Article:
Morris Hoosier Bats Farm Bridges The Arc Strack and Van Til


Friday, May 11, 2012 • POSTED BY:  Steve Gorches - Post Tribune Correspondent

HAMMOND — It was being held at a field used for high school and Babe Ruth baseball games.

It felt like a high school or Babe Ruth baseball game on Thursday night at Riverside Park, what with one of the teams only wearing t-shirts with their logo on the front and no numbers or names on the back.

But trust me, it was professional baseball with the RailCats facing the Windy City Thunderbolts for the second straight day.

And, not to sound like a an old-school baseball fan who's been watching games since he was five years old, but it was kind of cool.

For the record, Windy City was the team without numbers, so it was tough to follow along as a fan, or a reporter for that matter.

Gary first baseman Mike Rohde made a nice play in the sixth inning to throw a runner out at home plate on a sharply hit grounder. But I couldn't tell you who that runner was, and I really didn't care.

It was just an exhibition as the two teams from different leagues get ready for the upcoming independent minor league season that starts on May 17 for the RailCats in the American Association.

The Thunderbolts play in the Frontier League.

Why were the Cats playing at the home field of the Hammond Chiefs and Hammond Seminoles Babe Ruth teams?

It's something the franchise has been thinking about for a few years. Logistics haven't been on its side. There are only a handful of fields in Northwest Indiana that could host a pro game due to dimensions.

Valparaiso University is one of them, but scheduling issues have prevented that from happening.

Not only did it work out with Riverside, but it was a nice homecoming for RailCats outfielder Mike Coles, who helped make the unique game happen. Coles graduated from Hammond High and played for the Chiefs in 2000 and 2001.

In fact, anyone at the game knew that from the sign on the fence in left-center field. Every former Chiefs player who is drafted by a Major League Baseball franchise is honored with a sign on the fence at Riverside Park with the years he played and the team which drafted him on the sign.

In Coles' case, that was the Baltimore Orioles in the 34th round before he decided to stick with the college route and play at Purdue.

Coles brought up the idea of playing an exhibition game at Riverside a few months ago, and Chiefs president and manager Dave Sutkowski was more than willing to accomodate his former outfielder, as long as it worked out for the RailCats also.

Turns out, it was quite a homecoming for Coles as he had two hits, scored the first run for Gary in the 10-1 victory, had a stolen base and actually caught the last out of the game against one of his former minor league teams.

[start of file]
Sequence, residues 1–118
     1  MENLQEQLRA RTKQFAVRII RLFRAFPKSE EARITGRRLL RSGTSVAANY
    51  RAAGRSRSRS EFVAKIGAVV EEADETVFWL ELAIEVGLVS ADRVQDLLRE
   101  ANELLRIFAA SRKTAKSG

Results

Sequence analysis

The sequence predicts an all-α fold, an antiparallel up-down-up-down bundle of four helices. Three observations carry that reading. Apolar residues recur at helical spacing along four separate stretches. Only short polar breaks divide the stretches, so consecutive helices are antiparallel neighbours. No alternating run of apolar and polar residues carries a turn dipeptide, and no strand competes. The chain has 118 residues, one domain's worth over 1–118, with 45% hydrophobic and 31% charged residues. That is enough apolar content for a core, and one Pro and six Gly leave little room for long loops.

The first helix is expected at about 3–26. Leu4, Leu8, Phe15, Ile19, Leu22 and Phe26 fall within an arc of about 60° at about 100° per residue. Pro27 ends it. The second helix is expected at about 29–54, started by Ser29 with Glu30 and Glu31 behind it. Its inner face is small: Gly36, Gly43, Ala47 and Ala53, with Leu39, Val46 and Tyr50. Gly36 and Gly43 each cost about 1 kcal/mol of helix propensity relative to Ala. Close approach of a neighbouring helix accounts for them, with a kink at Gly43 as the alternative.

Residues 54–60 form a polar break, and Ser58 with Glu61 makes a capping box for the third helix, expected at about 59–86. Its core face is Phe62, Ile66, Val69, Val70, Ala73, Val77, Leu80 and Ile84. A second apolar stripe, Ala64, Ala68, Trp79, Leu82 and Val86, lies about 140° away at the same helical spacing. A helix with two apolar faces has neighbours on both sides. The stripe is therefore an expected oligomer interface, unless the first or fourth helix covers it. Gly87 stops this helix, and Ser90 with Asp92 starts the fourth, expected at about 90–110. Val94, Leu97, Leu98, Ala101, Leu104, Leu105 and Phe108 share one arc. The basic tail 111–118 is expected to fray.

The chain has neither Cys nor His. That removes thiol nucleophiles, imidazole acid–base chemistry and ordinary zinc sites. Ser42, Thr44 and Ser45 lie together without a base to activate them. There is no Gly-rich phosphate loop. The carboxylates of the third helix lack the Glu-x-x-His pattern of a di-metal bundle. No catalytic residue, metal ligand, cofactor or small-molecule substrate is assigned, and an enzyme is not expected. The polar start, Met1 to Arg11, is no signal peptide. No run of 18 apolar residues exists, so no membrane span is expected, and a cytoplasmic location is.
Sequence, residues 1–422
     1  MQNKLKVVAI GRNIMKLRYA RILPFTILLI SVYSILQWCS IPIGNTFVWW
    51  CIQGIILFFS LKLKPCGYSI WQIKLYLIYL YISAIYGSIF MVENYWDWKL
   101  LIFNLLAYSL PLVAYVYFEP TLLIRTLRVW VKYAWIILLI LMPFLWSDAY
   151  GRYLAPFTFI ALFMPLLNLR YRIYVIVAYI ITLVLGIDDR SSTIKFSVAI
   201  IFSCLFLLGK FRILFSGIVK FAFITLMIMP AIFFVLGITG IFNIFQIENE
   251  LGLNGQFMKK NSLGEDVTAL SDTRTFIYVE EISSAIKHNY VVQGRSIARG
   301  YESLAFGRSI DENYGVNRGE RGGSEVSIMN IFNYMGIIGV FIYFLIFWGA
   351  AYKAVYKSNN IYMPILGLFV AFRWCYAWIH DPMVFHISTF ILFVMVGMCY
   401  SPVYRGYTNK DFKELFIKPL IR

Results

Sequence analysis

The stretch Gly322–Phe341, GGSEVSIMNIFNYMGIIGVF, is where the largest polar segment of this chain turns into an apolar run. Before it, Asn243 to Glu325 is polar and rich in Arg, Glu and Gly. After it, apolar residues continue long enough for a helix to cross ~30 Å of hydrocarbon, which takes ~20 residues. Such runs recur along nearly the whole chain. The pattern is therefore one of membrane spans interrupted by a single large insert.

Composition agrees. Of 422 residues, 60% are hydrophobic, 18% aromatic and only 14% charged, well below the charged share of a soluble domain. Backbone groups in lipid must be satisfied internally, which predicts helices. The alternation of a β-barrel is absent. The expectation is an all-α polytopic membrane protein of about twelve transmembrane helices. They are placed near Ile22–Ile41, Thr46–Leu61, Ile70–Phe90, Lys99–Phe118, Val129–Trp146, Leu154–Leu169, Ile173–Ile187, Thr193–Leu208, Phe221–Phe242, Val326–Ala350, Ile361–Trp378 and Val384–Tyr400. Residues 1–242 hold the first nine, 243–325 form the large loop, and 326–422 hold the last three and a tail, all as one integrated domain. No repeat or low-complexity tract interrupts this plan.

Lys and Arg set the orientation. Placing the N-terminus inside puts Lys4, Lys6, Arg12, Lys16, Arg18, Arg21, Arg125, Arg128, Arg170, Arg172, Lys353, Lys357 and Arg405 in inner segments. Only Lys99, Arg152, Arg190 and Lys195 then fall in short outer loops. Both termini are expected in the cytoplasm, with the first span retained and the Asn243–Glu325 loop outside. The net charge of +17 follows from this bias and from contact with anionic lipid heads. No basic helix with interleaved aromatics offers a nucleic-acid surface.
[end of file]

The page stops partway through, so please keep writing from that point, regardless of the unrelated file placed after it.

"It was a little awkward at first being here in Hammond, playing Windy City (he played two years for them), playing for Gary now," Coles said. "It was like the Mike Coles reunion tour."

And of course, his new teammates gave him a little grief about the sign in left field.

"Hitting coach Mike Curran saw it when we got here and said, 'It's the house that Mike Coles built,'" Coles joked. "But I knew that would happen. I didn't know what to expect, but all-in-all it was a good turnout. Hopefully the RailCats organization can keep this going as a a regular thing."

Gary manager Greg Tagert agreed wholeheartedly.

"We got here early and people were already milling around — it was nice," he said.

Coles wasn't the only RailCats player on his former field. Rookie outfielder Darryl "Boogie" Evans, a Merrillville High graduate who made the spring training roster through the open tryout, played for the Seminoles at Riverside.

Evans is trying hard to make the team, but it will be difficult since it would have to be as a fifth outfielder. He had two stolen bases on Thursday, though, so he's giving it the old college try.

The game was definitely a good call by Coles and RailCats general manager Kevin Spudic. It wasn't a big crowd if it was held at U.S. Steel Yard, but at Riverside it was perfect for the atmosphere.

It was professional baseball with a Little League type of feel. Instead of a clubhouse, players and coaches had to leave the dugouts to go to the bathroom in the concession building — it was funny seeing Tagert run there in the middle of the fifth inning.

And instead of kids getting ice cream afterward, the postgame meal of pizza provided by a local establishment was shared by both the RailCats and Thunderbolts at picnic tables just to the left of the stands behind home plate.

It made for a long day for the players — the RailCats did their pregame preparation at the Steel Yard starting at 1 p.m. — but it was definitely worth it if you asked the coaches and players.